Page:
How do you study English at university?
An explanation of the necessity of reading plenty of English passages and methods for this
How to use student-oriented English-English dictionaries
Points on English pronunciation and listening skills
I must do it.
Reference materials useful for Learning English
The importance of Collocation and the use of Google
Arranging Clichés and Interjections using a student-oriented English-English dictionary
Reading various English magazine articles
Collecting your own usable English phrases
Essays with awareness of paragraphs
Making friends with people living overseas and English tandem partners
Creating opportunities to speak in English around university
Creating opportunities to listen to English speeches and lectures
Reading books that you like
Thorough practice of listening
End of Term Exam: 50%
I will also evaluate students on their attendance.
Read Chon Chanyon's 2002 "Eigo wa zettai, benkyo suru na!" by Sunmark Bunko: Sunmark Publications and write a report. Please write a concise report, divided into three. Firstly, summarize and itemize what the author is saying. Secondly, summarize and itemize what you find important for your own study of English by reading this book. Lastly, conclude with your own thoughts.
Read Sakai Kunihide's 2000 "Kaidoku 100 man go! Pepabakku he no michi" by Chikuma Gakugei Bunko: Chikuma Shobo and write a report. Please write a concise report, divided into three. Firstly, summarize and itemize what the author is saying. Secondly, summarize and itemize what you find important for your own study of English by reading this book. Lastly, conclude with your own thoughts.
From the extensive English-learning materials in the library, choose an appropriate book and read it in a week, then write a report.
Writing a passage in English of around 4 paragraphs in length. For example, try using a Google search putting a part of the sentence including both the subject and verb in double quotes (""). Also, in order to confirm collocations, for example, what adjectives can you use with "population", have a think, create something, and then check on Google whether that combination is possible.
How to form compound words.- Writing a passage in English is a test of English ability, but when you consider approaching English native speakers, understanding the rules of forming compound words and being able to form them yourself is also important.
Exchanging English essays we have written and correcting each others. This will not happen in lessons, but as you find time with friends from the same class students should write essays in English of at the minimum 4 paragraphs, swap them, then exchange comments and ideas.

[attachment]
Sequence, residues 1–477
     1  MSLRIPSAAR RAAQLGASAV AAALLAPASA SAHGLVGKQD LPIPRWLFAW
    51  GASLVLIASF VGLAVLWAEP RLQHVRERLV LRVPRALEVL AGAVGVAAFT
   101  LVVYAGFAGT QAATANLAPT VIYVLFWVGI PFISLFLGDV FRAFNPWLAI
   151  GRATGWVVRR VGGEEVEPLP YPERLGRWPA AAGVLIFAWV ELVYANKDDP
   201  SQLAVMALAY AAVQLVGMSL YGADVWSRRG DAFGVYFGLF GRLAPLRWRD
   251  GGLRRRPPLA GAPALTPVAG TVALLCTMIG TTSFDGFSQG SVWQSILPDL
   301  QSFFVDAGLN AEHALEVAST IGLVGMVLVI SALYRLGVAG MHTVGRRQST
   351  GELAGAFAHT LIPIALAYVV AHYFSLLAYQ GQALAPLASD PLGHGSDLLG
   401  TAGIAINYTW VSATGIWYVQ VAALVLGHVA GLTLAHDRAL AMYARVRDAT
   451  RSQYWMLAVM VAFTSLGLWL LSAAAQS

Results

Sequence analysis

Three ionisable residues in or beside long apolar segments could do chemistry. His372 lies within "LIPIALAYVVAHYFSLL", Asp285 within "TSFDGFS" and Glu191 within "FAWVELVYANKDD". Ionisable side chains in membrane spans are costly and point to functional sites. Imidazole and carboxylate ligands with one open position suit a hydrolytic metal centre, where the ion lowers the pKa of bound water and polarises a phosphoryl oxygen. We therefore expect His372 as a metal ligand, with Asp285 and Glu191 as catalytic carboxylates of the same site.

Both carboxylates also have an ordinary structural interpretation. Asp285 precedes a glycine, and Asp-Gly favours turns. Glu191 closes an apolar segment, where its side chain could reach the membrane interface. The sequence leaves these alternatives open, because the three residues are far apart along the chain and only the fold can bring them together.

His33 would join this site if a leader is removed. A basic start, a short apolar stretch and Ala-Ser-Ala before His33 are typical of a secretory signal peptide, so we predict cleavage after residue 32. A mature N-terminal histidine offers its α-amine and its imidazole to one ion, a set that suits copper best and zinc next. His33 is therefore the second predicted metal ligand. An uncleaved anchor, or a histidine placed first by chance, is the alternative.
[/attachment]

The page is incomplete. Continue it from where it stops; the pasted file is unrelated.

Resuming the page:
Essays written in English should not simply be translations of things written in Japanese. Students should instead think about reading passages written in English, picking out phrases and constructions they think they can use, then applying them writing an essay using English from the start. At the back of the dictionaries I will request students buy, there are sections dedicated to discussing "Essay Writing". Please reference these too. Students should at the very least check any problems of grammar (conformity etc) or with natural English constructions (collocation problems etc) using Google by themselves. Even just this will avoid some terrible English passages that you may have first thought of.
By yourself you cannot correct your own English, but with other people this becomes possible and even recommended. After several times of doing this, you can become able to take a small step back from your own work and see it much more clearly.
Reference Materials good for using as tools to learning English
Swan, Michael (1980, 1995) Practical English Usage. Oxford University Press.
This is useful for when you want to confirm important points of English grammar or vocabulary.
Sinclar, John et al. (eds. 2003) Collins COBUILD Advanced Learner's English Dictionary. Harper Collins Publishers.
There are at least three different student-oriented English-English dictionaries that I could recommend to students, but this is the one I will use in lessons.
Oxford Collocations Dictionary for Students of English (2002) Oxford University Press.
This is handy as a dictionary for English collocations.
Biber, Douglas, Susan Conrad and Geoffrey Leech (2002) Longman Student Grammar of Spoken and Written English. Longman.
Huddleston, Rodney and Geoffrey K. Pullum (2005) A Student's Introduction to English Grammar. Cambridge University Press.
Comparatively recently there have been two new books published that give systematic explanations of modern English grammar. Both are in student editions. For cases when you feel Swan's entries are insufficient, or for people who want to read a whole modern English grammar book, either of these two books will be more than sufficient.
Page last updated June 2, 2011
The class contents were most recently updated on the date indicated. Please be aware that there may be some changes between the most recent year and the current page.